Every year the international community (meaning the developed Western nations, the UN and the European Union) spends millions of dollars bankrolling ballots in profoundly undemocratic places (1). Why do we bother?
The recent Crimean "referendum" should have given us pause for thought about these expensive exercises in futility. Yet, we continue to enable deeply flawed regimes to conduct elections in places where there is neither free speech nor a free media to report what opposition politicians say.
Despite evidence to the contrary, our diplomats go through the motions, pretending these votes confer credibility on corrupt and brutal monsters. Do we really have such faith in a swift dose of democracy? Or do we endorse the election pantomime because we can't be bothered to find political solutions to the underlying problems causing conflict, oppression and poverty?
Next year the international community will probably hand over huge sums to the governments of Sudan and South Sudan to conduct elections. Four years ago the UK alone contributed $20 million (£11.8m) (2) to legitimize a voting process in which the "impartial" members of the National Election Commission were regime stooges who openly stuffed ballot boxes (3). Unsurprisingly, President Bashir, a man indicted for genocide in Darfur, won. The foreign policy default position, "Better the devil we know," prevailed.
An "Election for Dummies" guide might reasonably suggest everyone eligible should be able to vote if they want to. In Sudan there are three separate wars being conducted by the ruling National Congress Party regime against its minorities (in Darfur, South Kordofan and Blue Nile states). Millions of people are either in refugee camps abroad, in displaced peoples camps within Sudan, or hiding in caves in the Nuba Mountains. Many more have joined the brain drain of talented people who have moved to the USA and European Union. How is a reliable census possible in the middle of repeated airstrikes by the Sudanese Armed Forces?
The UN confirms that just this month another 100,000 people in Darfur have fled their villages. On February 27 and 28 the regime and its proxies destroyed another 35 villages. On March 15 and 16 witnesses say they saw Sudanese Air Force planes attack 54 times in the Jebel Marra area of Darfur. It would be quite a challenge to compile voting lists, let alone ensure access to polling places in these circumstances (4).
Another essential for a free and fair election is the ability of opposition candidates to voice their opinions and to have those opinions reported accurately by the media. Diplomats enthusiastically greeted President Bashir's recent "national dialogue initiative." (5) They did not seem to notice that in the same week he closed down most of the few remaining independent papers (6).
On March 19 the National Consensus Forces, representing 12 opposition parties, pointed out there could be no national dialogue without media freedom (7). A recent peaceful march by Khartoum University students was met by tear gas, with police beating demonstrators. One student, Ali Abakar Musa Idris, died (8). Shortly after, on March 13, a human rights lawyer, Abdel Monem Adam, was arrested by four plain clothes officers of the much-feared National Intelligence and Security Services (NISS). Adam is being held incommunicado and without charge at the NISS political section in North Khartoum, famous as a place of torture and "disappearance." (9)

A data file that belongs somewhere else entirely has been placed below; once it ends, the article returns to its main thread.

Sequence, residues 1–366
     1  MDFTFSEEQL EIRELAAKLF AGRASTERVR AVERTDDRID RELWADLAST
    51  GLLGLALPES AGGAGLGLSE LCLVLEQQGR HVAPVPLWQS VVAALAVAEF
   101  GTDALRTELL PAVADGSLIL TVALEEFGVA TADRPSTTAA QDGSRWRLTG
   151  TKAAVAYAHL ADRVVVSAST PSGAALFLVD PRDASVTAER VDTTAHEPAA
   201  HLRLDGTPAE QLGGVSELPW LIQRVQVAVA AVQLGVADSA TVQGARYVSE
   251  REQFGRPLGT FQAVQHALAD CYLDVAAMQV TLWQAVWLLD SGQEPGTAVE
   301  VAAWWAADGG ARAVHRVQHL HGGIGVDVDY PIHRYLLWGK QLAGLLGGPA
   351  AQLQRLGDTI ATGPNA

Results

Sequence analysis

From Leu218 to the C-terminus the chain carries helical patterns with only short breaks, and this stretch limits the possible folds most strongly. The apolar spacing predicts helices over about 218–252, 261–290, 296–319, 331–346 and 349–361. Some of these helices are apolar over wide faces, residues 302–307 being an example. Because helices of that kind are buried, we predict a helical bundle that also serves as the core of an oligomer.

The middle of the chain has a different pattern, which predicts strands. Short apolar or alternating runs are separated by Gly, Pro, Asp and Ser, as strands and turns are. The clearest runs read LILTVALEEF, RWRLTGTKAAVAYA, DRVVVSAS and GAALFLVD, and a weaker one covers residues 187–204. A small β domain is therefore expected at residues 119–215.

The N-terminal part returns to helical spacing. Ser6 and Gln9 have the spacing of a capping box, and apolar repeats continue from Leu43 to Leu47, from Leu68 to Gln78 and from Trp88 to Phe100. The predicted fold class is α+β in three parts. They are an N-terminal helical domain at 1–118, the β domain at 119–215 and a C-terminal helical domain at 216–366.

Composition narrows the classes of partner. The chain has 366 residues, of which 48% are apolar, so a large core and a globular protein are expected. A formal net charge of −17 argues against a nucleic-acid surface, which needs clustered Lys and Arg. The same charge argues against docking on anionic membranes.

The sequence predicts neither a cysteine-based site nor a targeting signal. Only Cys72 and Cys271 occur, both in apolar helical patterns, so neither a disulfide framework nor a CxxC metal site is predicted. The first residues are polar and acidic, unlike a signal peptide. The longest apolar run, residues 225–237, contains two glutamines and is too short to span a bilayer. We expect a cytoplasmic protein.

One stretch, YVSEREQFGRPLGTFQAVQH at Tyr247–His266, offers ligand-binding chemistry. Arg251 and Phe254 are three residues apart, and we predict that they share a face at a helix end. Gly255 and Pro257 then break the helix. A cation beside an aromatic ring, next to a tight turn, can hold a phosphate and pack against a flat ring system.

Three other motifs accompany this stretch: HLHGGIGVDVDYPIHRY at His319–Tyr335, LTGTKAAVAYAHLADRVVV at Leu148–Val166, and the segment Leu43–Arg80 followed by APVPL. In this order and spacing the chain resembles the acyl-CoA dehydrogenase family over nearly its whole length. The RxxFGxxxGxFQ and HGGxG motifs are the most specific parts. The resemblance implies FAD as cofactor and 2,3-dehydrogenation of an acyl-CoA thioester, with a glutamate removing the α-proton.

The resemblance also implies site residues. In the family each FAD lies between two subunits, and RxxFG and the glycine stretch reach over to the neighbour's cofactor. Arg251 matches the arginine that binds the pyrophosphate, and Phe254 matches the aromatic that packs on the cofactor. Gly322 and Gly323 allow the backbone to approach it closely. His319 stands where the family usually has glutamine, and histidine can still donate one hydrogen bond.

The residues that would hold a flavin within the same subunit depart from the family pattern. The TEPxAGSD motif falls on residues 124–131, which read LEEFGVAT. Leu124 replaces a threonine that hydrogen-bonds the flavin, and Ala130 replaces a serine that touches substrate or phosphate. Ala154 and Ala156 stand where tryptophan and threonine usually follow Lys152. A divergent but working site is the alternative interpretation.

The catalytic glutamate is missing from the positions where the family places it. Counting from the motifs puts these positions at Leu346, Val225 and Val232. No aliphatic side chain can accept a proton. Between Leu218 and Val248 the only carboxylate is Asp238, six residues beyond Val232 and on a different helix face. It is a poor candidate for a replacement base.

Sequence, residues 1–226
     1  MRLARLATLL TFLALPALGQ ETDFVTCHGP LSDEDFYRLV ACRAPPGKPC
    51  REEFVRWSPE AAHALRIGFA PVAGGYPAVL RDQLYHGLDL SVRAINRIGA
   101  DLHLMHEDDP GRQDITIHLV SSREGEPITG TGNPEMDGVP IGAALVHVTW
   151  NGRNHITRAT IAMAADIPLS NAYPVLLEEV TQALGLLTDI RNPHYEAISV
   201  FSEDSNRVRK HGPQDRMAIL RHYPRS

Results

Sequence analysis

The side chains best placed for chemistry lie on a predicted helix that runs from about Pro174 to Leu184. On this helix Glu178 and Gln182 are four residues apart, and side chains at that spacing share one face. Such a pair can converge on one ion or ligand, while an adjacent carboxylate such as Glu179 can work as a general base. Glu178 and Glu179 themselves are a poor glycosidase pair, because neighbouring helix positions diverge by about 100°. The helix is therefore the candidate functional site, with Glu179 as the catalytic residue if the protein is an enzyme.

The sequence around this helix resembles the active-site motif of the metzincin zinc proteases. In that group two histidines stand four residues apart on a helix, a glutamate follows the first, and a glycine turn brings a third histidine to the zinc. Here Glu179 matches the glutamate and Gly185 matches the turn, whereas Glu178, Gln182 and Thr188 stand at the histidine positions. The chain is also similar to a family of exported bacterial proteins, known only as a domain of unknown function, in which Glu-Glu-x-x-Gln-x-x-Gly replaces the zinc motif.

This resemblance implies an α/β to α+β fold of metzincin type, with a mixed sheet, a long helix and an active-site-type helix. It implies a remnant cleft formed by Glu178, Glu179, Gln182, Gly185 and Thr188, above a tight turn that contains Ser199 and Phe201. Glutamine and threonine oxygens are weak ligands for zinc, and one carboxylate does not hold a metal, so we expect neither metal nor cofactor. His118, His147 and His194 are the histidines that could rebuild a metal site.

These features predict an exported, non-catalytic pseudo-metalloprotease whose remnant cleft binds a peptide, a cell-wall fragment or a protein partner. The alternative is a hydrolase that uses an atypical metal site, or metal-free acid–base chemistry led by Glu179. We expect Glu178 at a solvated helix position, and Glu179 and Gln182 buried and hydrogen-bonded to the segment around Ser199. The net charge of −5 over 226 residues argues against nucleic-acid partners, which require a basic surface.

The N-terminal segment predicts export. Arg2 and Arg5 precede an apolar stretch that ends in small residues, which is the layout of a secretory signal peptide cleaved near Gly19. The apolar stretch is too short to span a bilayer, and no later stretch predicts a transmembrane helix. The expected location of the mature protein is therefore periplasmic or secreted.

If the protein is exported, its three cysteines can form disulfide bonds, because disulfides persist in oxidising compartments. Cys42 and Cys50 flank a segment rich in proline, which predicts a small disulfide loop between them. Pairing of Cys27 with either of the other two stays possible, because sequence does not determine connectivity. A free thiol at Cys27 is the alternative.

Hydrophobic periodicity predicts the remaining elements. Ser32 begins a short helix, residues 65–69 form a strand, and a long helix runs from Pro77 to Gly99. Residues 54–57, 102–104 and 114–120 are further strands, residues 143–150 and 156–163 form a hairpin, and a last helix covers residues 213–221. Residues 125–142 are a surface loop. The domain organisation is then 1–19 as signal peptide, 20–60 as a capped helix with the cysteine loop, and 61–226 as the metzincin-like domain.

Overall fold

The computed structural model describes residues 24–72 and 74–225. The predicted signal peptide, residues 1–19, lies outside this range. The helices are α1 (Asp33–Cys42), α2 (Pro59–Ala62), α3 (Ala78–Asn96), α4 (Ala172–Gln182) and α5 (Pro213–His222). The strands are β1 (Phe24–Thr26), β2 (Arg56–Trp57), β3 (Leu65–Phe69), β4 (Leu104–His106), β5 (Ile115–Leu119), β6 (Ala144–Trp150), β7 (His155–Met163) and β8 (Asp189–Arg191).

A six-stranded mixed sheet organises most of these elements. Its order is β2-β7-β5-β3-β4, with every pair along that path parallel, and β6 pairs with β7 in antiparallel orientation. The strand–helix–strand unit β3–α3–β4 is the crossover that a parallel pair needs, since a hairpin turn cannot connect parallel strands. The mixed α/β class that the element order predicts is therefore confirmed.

All this is just a recent slice of everyday life in Sudan. Amnesty International (10) and Human Rights Watch (11), among others, have documented the serial atrocities and abuses endured by the Sudanese people over the years. How, in an atmosphere of repression, fear, violence and outright war, do we imagine there can be a fair election?
The international community persists in believing elections are the "one size fits all" cure to trouble spots like Iraq and Afghanistan, struggling nations like the Democratic Republic of Congo (DRC), and oppressive dictatorships like Sudan. After spending an estimated $500,000 on the 2006 DRC election (12), every Congolese village could boast it had an election registration officer. Sadly the same could not be said about having a doctor, nurse or teacher. Nor were soldiers being paid, giving rise to industrial scale looting and rape. But it enabled our diplomats to tick the box and move on.
Certainly our aim must be to let people speak through elections, but the context is all-important. We might do better to recognize that fundamental problems underlie persisting conflict and misery. We could also use our time and money better by bringing all sides together to seek a more equitable allocation of power and resources in places like Sudan. We consistently underestimate our soft-power leverage, timidly tinkering, offering words of condemnation (see Crimea) while ignoring the effect targeted and robust smart sanctions can have on the architects of genocide and war. By making sanctions personal and punitive we might persuade career-kleptomaniacs and ethnic cleansers to think again. Conferring legitimacy on them through the ballot box is appeasement by another name.
(2) Parliamentary answer, March 13 2014, Baroness Northover, [HL5704]
(5) March 3 2014. UK Ambassador Peter Tibber on FB page UKinSudan
(8) Khartoum security arrests 110 Darfuri students, attacks protesters | Radio Dabanga